Galois has been holding weekly technical seminars for several years on topics from functional programming, formal methods, compiler and language design, to cryptography, and operating system construction, with talks by many figures from the programming language and formal methods communities. The talks are open and free. An RSVP is not required, but feel free to contact the organizer with questions and comments.

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Wednesday
Oct282009

Tech Talk: Testing First-Order-Logic Axioms in AutoCert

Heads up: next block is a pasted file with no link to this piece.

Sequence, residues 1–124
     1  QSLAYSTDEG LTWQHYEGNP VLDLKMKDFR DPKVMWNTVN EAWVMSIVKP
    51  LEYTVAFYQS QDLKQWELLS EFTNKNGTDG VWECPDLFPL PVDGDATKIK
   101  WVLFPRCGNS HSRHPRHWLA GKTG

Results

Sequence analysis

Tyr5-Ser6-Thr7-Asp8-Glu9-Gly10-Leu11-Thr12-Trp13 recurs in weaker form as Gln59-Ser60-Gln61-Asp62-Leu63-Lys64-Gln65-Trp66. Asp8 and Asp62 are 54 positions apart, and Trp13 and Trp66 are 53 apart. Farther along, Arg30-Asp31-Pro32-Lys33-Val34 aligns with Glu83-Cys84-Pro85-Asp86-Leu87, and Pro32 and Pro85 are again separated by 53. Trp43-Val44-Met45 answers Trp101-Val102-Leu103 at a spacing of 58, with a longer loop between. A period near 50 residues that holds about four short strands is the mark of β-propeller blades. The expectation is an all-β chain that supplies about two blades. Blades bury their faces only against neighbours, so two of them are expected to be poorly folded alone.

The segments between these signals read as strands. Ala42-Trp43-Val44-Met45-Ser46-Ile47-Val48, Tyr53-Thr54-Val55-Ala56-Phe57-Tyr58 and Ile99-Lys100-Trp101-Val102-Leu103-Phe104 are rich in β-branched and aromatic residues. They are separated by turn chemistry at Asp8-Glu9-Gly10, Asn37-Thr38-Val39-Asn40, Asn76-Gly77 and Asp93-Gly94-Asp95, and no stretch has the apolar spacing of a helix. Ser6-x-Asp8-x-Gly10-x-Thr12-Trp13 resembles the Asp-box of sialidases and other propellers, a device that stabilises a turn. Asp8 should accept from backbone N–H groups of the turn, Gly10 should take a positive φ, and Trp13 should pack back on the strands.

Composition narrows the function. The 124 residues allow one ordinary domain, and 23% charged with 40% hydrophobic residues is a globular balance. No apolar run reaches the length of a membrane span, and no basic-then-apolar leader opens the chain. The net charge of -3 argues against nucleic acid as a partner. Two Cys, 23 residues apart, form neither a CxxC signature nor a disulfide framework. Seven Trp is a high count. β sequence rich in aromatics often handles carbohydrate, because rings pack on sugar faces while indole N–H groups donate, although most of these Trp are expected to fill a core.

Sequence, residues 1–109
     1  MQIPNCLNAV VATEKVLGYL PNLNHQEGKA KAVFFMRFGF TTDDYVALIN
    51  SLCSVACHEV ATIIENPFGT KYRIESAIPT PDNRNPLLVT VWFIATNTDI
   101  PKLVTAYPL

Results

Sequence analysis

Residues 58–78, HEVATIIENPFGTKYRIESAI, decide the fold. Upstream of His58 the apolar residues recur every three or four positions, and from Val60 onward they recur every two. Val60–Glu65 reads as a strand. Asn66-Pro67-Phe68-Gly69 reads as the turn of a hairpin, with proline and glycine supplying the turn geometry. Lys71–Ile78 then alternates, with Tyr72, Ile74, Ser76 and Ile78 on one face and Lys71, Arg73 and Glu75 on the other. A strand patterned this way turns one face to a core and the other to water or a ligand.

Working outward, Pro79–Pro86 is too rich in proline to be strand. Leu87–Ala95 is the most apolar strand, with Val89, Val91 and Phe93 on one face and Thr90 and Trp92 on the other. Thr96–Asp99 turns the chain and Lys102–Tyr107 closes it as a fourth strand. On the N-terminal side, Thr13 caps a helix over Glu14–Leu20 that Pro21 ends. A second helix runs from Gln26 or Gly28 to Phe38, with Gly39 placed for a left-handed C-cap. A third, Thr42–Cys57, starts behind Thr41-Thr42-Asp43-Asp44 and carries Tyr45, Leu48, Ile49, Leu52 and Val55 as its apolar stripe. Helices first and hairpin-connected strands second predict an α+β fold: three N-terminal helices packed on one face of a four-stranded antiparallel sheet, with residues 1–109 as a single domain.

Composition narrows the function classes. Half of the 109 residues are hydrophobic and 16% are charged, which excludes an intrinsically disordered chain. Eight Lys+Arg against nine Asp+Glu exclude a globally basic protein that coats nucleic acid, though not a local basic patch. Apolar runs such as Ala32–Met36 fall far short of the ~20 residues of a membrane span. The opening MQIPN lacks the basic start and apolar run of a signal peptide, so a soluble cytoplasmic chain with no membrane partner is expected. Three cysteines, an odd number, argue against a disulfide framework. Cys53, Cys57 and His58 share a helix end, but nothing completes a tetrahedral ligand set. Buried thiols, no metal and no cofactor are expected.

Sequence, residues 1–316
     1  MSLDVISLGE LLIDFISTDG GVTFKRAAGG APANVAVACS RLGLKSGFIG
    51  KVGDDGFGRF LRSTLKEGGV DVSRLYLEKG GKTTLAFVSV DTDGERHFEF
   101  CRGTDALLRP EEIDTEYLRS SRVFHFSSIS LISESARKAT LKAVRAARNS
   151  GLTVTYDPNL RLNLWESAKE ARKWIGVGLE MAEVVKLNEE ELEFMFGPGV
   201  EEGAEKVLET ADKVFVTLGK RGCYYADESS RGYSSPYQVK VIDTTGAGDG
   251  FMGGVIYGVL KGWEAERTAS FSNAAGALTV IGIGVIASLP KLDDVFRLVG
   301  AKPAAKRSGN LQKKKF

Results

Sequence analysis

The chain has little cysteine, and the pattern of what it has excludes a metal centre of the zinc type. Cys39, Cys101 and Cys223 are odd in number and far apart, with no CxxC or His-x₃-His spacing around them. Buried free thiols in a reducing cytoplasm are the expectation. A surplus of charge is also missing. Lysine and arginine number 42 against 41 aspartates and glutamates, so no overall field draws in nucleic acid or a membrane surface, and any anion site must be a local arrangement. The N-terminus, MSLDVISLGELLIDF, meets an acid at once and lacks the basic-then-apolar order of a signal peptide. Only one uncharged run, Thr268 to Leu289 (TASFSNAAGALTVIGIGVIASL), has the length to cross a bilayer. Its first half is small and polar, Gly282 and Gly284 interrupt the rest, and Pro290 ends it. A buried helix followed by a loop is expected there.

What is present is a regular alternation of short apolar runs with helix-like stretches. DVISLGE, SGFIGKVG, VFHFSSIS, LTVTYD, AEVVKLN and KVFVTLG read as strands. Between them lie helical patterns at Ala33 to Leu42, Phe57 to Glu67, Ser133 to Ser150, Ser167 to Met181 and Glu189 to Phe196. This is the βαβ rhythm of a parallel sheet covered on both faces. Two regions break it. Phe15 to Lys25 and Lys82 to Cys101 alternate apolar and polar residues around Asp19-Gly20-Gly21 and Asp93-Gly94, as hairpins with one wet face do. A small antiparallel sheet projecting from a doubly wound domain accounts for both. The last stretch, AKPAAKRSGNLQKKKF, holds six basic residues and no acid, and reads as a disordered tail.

The November 3rd Galois Tech Talk will be delivered by Ki Yung Ahn, titled “Testing First-Order-Logic Axioms in AutoCert.”

  • Date: Tuesday, November 3rd, 2009
  • Time: 10:30am – 11:30am
  • Location: Galois, Inc.421 SW 6th Ave. Suite 300(3rd floor of the Commonwealth Building)Portland, OR 97204